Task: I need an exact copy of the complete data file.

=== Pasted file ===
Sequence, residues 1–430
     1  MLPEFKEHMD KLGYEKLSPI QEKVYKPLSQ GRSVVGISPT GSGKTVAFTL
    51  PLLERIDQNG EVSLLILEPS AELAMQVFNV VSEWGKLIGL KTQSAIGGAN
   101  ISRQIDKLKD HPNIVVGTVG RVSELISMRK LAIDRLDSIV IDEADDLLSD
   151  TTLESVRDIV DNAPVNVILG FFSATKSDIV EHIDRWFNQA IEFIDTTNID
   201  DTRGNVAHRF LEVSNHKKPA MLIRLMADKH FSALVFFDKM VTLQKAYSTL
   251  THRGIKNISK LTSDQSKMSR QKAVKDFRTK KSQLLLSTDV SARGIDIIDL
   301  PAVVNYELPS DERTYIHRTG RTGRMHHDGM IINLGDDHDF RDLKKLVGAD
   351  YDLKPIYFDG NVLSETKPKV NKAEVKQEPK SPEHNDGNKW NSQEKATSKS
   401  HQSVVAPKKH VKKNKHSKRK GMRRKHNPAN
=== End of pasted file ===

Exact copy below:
Sequence, residues 1–430
     1  MLPEFKEHMD KLGYEKLSPI QEKVYKPLSQ GRSVVGISPT GSGKTVAFTL
    51  PLLERIDQNG EVSLLILEPS AELAMQVFNV VSEWGKLIGL KTQSAIGGAN
   101  ISRQIDKLKD HPNIVVGTVG RVSELISMRK LAIDRLDSIV IDEADDLLSD
   151  TTLESVRDIV DNAPVNVILG FFSATKSDIV EHIDRWFNQA IEFIDTTNID
   201  DTRGNVAHRF LEVSNHKKPA MLIRLMADKH FSALVFFDKM VTLQKAYSTL
   251  THRGIKNISK LTSDQSKMSR QKAVKDFRTK KSQLLLSTDV SARGIDIIDL
   301  PAVVNYELPS DERTYIHRTG RTGRMHHDGM IINLGDDHDF RDLKKLVGAD
   351  YDLKPIYFDG NVLSETKPKV NKAEVKQEPK SPEHNDGNKW NSQEKATSKS
   401  HQSVVAPKKH VKKNKHSKRK GMRRKHNPAN